Knowledge Quarter Private Tour: Wiener Library

Knowledge Quarter Private Tour: Britain and the Refugee Crisis of the 1930s and 1940s

When: 1 February 2017 08:30 – 09:30 GMT

Where: Wiener Library for the Study of the Holocaust and Genocide, 29 Russell Square, London, WC1B 5DP

RSVP here.

The Knowledge Quarter is delighted to invite staff and friends from Knowledge Quarter organisations to the next in our series of private breakfast views. It will be on this occasion hosted at the Weiner Library. You are invited to attend a private curator tour of A Bitter Road –  an exhibition which considers a fundamental yet little-examined aspect of life at Britain and the Refugee Crisis of the 1930s and 1940s.

At a time when violence and upheaval in Syria, Afghanistan, Somalia, Iraq and elsewhere have created an upsurge in the number of refugees, many look to historical examples for potential continuities and solutions. Conflict and war, political, religious and ethnic persecution have always caused the displacement of populations. Civilians are forced from their homes, fearing for their safety and future.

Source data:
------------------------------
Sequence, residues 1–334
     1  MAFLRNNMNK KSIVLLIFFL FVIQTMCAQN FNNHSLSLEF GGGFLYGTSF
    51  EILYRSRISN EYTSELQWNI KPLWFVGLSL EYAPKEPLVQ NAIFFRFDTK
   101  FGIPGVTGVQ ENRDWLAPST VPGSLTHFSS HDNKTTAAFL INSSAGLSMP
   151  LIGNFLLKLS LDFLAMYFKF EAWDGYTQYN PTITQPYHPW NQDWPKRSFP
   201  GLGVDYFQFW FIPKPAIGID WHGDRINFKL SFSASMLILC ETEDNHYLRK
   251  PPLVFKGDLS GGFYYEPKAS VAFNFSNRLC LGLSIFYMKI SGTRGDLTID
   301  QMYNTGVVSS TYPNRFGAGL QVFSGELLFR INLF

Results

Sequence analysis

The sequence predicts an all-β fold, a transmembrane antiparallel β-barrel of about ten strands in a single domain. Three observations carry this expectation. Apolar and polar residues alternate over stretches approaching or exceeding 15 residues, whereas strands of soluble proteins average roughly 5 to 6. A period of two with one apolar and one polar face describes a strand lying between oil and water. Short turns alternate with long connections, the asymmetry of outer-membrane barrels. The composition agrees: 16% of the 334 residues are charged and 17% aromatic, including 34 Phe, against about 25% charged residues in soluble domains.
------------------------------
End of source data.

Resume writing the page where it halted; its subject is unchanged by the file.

This exhibition examines responses to Jewish and other refugees in Britain during the 1930s and 1940s. Built on the rich collection of refugee sources held by the Wiener Library, the exhibition explores a number of themes, including governmental policy on asylum and the kinds of assistance offered by humanitarian aid organisations at the international, national and local level.

A Bitter Road also looks closely at the myriad experiences of Jewish refugees in Britain, including of surveillance and detention, poverty, separation and isolation. It highlights their resilience and means for coping with the hardships of integrating into a new society. Through the voices of refugees, A Bitter Road explores how refugees negotiated the road to safety and attempted to rebuild their lives.

This timely exhibition raises important questions about historical examples of forced migration and Britain’s response in the past – and how the past can inform our responses to refugees today.